• However, this resource may be out of date. Instead, I found the steps to uninstall node and npm at the bottom of this article clearer and still effective. You should also remove any system environment variables that point to node or npm.

  • After node and npm are uninstalled, open the Ubuntu command line to install cURL with sudo apt-get install curl

  • Then use cURL to install nvm with curl -o- | bash

Note: At the time of writing, the most recent version of nvm is v0.35.3, but you can find the most recent version in their GitHub repo here.Just replace v0.35.2 in the above code with your desired version.

  • Optional: At this point, I installed build essentials and python as these are required in many npm libraries. To do this, enter sudo apt install build-essential python -y

  • Close and reopen the Ubuntu terminal for the install to take effect.

  • You can verify the install with command -v nvm which should return nvm

  • nvm ls will display currently installed versions of node, which should be N/A at this point.

  • Next, install the latest stable LTS version of nodejs with nvm install --lts

  • Another check with nvm ls should now display the latest stable releases as your default as seen below.

  • You can also check the versions of node and npm, along with their default paths with node --version, npm --version, which node, and which npm as seen below.


Step 5: Install Truffle and test your contracts

  • Now just enter npm install -g truffle to install Truffle. Or, to also install the Ganache client enter npm install -g truffle ganache-cli

  • You can test that Truffle was installed by following the steps at the end of this article.

  • Alternatively, or additionally, you can enter one of your own projects and run truffle compile to make sure your contracts compile properly.


1 Like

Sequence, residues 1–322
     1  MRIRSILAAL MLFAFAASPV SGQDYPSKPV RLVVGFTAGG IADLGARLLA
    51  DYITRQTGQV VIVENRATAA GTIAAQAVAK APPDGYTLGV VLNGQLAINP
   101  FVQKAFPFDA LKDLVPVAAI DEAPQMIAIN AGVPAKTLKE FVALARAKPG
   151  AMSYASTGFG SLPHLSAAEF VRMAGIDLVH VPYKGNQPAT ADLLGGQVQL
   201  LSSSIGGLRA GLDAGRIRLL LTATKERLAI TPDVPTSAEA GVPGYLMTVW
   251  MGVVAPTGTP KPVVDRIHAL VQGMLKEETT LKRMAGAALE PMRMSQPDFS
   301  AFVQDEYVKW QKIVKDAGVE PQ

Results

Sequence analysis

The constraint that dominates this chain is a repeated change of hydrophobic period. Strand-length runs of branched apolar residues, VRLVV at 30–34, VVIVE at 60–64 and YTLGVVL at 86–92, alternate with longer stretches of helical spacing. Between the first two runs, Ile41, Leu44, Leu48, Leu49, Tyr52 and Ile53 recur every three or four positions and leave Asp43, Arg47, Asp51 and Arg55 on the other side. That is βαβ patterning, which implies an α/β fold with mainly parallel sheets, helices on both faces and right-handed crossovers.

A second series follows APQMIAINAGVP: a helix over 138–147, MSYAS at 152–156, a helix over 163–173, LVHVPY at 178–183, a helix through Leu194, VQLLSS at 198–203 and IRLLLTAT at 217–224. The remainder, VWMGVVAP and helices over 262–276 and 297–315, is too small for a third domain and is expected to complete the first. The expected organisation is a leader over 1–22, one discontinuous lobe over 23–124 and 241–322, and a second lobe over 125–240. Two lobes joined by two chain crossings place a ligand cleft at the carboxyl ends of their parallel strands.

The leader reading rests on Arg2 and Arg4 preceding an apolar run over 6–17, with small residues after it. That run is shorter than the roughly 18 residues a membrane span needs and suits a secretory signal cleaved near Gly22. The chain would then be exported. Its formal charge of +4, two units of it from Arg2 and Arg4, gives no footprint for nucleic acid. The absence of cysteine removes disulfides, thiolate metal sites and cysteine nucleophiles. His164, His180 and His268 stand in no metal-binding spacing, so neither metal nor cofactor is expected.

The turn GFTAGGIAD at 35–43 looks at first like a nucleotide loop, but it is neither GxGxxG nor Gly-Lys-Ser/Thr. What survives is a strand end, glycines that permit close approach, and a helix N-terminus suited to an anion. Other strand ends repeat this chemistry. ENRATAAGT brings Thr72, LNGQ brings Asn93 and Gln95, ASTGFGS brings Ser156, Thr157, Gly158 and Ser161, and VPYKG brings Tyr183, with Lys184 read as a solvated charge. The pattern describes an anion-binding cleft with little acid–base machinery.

Hi @Jshanks21,

Thanks for creating this guide :pray:

I had issues installing nvm as I had errors that it required npm, so assume this was the issue of already having node/npm installed. I installed node and then installed nvm.

WSL2 will be generally available in the next version of Windows 10 (2004) so hopefully not too far away:

1 Like

Hi @abcoathup,

No worries! Glad to do it.

All the sources I found suggested removing any trace of node/npm on your computer before installing nvm to avoid unexpected issues. This also includes removing any system variables with a path leading to node/npm files.

The error seems to suggest that something is expecting npm to handle the install instead of cURL. A leftover system variable pointing to npm is my first guess.

Were you running the install through the Linux terminal?

After fully uninstalling node/npm, you’d want to use the Linux terminal, Ubuntu in the case above, to install cURL with sudo apt-get install curl.

Then use cURL through the Linux terminal to install nvm with the command curl -o- | bash.

Once installed, close and reopen the terminal for effects to take place and you can use nvm to install nodejs (which should include npm) with nvm install --lts.

It can be a bit tedious initially, but so far I’ve noticed much smoother performance working with my projects than on Windows directly (shocking, I know). Looking forward to version 2004! I’m not used to manually updating my tools. :sweat_smile:

1 Like

Yes. I ran it via an Ubuntu terminal. I assume I still have npm in my path when I ran curl

I am finding WSL2 much faster than WSL. I had been going to wait for general release, but given that we are now close, decided to give it a go.

1 Like

Glad to know there’s a noticeable difference. Have you noticed any buggy behavior with it? That’s the only reason I didn’t go with WSL2. I guess if it’s close to release any bugs should be limited though.

1 Like

No obvious bugs so far, though it is early days. I like the speed of WSL2.

1 Like

I store my git credentials in Windows Credential Manager.
I previously created a GitHub Personal Access Token.

1 Like

Seems easy to implement. But I’ve been using VSCode and I’m able to commit and push all changes within the editor. What are the benefits of storing git credentials in WSL if I’ve grown accustomed to doing it this way?

Btw, I am familiar with using git bash, or other terminals, to stage, commit, and push changes, so I do understand how to do this traditionally. But VSC has just proven to be too convenient not to use more often for my own projects.